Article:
1. Parikarma (circumarnbulatory path)

There is a Parikarma all around the amrit- saras. The Parikarma has a raised platform towards the sarovar and a colonnaded space and series of rooms onto the other side. There are four shrines, which define the inner periphery of the Parikarma and stand as a symbolic sign within the core-precinct. Pilgrims, while taking a Parikarma pause by these points and pay respect. They are (starting from Darshani Dow! and moving in clockwise direction) Lachi ber, Baba Budha ji ber and Dukh Bhenjini ber and the holy shrine of Baba Deep Singh.

There are three pons- enclosures made as bathing space for women.

Along the same principle axis of the Harimandir-Akal Takht Sahib is Dukh Bhanjini ber, which is towards the Har ki pauri Dukh bhanjini beri also has a small platform adjacent to it, with a small shrine on the platform, which signifies Ath Safh Teerth (68 holy places). Rooms opposite to all these holy shrines house the granthis. The other rooms served the Harimandir Sahib in some way or the other. One of the rooms contains the SGPC office. The rooms' abutting the Gurmathe space is kerha prasad room (where the Prasad or the sacred sweet is prepared and served). Ghhabils drinking water facility is provided in all the four corners of the outer Parikarma.

2. Deories (Gateways)

There are five Deories (gateways) in the Parikarma, which lead into the core-precinct. Deories (gateways) are all at a higher level than the core-precinct. To the interior side of these entrances have a descending flight of steps up to the level of the Parikarma. All these Deories have rooms within. The names of the Deories are; The Ghanta Ghar Deori, the Langar Deori, the Manji Sahib Deori, Atta Mandi Deoril Sikh Reference Library Deori and the Khazana Deori. Outside all these Deories are the Joda ghar (shoe house), where one leaves the footwear and then walk to `Chhabachha' wash their feet.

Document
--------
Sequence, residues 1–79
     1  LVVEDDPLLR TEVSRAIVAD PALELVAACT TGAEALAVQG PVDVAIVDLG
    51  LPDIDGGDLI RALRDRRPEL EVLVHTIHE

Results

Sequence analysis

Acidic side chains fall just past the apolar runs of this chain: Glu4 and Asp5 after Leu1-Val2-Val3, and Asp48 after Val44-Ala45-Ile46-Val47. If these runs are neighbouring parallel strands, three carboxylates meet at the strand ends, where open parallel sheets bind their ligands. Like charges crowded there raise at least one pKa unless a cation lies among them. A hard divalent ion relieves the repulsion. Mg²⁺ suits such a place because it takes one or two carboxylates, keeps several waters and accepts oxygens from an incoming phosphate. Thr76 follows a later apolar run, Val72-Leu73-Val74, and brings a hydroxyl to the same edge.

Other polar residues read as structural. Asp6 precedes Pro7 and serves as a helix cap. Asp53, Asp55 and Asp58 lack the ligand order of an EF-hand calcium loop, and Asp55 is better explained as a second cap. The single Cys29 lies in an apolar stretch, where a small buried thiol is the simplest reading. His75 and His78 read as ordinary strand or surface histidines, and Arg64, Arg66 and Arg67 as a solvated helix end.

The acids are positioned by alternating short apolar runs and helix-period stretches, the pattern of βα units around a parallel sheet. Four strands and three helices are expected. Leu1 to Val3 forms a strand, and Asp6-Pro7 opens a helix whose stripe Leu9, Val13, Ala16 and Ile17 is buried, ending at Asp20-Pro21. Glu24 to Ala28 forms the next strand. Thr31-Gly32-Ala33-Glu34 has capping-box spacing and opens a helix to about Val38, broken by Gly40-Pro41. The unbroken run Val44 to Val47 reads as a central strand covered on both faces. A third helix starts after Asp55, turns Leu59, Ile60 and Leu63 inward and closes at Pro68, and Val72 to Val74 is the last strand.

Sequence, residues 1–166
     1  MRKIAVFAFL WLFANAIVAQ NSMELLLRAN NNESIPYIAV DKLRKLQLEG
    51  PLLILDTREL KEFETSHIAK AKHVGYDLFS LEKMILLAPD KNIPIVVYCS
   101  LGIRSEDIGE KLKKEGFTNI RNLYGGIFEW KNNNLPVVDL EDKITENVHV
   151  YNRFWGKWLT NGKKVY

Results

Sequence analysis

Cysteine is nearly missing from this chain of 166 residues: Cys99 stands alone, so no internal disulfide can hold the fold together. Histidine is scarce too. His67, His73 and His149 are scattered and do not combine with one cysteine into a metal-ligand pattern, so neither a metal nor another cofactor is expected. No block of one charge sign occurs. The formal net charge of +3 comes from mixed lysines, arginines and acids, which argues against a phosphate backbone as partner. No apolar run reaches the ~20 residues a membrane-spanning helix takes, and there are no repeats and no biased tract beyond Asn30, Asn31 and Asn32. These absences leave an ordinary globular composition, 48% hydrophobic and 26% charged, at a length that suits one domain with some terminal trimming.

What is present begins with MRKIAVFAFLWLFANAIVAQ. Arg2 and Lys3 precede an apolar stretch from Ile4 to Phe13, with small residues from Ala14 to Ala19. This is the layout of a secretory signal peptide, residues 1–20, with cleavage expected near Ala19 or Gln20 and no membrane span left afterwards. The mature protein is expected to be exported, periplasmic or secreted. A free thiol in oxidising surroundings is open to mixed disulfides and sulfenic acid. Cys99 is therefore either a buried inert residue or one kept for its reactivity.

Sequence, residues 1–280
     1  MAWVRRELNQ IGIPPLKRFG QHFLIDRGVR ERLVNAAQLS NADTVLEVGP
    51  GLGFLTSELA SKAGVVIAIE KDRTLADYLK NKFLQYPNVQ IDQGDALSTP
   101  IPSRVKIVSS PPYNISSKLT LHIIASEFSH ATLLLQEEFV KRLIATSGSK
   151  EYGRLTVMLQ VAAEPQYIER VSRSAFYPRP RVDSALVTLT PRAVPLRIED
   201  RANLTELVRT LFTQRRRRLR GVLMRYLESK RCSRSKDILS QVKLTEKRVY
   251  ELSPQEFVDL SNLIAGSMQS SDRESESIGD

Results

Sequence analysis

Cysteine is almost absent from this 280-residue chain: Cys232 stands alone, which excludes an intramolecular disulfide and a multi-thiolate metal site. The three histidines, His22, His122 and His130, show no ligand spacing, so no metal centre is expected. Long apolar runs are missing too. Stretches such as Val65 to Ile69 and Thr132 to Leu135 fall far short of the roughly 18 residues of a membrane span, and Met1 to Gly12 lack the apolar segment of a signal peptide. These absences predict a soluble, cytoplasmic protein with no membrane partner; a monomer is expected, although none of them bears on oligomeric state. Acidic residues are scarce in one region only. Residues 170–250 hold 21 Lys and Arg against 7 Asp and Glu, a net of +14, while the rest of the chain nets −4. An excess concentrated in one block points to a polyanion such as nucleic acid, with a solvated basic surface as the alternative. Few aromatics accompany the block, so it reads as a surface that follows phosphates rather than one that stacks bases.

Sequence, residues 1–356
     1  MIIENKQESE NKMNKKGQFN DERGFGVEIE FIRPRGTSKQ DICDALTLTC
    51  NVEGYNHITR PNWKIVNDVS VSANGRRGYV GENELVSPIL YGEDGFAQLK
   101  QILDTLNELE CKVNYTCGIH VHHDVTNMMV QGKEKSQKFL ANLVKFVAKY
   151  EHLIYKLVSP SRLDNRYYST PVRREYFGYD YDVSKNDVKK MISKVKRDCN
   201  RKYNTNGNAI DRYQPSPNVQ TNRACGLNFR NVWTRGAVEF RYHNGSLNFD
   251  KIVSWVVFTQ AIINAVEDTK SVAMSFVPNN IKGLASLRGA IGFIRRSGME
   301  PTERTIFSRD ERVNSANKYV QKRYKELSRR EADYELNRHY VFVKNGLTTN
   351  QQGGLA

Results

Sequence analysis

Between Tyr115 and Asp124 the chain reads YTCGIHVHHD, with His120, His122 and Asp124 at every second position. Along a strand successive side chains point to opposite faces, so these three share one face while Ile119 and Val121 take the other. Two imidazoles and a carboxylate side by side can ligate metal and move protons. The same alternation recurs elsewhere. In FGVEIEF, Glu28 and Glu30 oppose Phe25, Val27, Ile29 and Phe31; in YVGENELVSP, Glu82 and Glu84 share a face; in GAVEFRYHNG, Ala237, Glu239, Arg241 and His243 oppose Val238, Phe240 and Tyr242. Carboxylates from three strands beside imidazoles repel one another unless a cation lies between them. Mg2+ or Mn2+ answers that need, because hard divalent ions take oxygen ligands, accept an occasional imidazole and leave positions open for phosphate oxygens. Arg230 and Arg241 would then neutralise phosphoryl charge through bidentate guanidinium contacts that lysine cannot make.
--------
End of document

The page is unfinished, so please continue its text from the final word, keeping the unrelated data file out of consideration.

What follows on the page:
3. Bunga

The word 'bunga' is derived from a Persian word, which means an abode, a rest house or a place of dwelling.   

During the Misl period- in the 18r" century, after the Sikhs had succeeded in establishing their military strength as the Dal Khalsa and emerged as a political power they consolidated their position in the Punjab with Amritsar as node. While undertaking the reconstruction of the temple (desecrated for the third time in 1762 by Ahmed Shah Abdali) the prominent Sikh chieftains built Bungas around the Parikarma of the Amrit saran. Though initially the idea was to provide a ready line of defense, but eventually it also served as a valuable institute of learning. Originally there were 74 bungers built between 1765 and 1833 around the Parikarma of the Harimandir Sahib. Adi Granth -the holy book- is placed there during night. It also houses the weapons belonging to Sikh Gurus and renowned warriors. The edifice though lies on the principle axis of the Harimandir, but is skewed and is oriented towards the east. On the northern side of the Akal Takht Sahib is the Shaheed Baba Gurbaksh Singh Ashtan, Thara Sahib associated with Guru Tegh Bahadur and the two Nishan Sahib. In front of the edifice are two Nishan Sahibs (these are two poles with a flag, connected to each other) symbolizing Mid- Pirl, the temporal and the spiritual powers. In front of this is the open multi activity space, also known as Gurmatha space, used for congregation activities.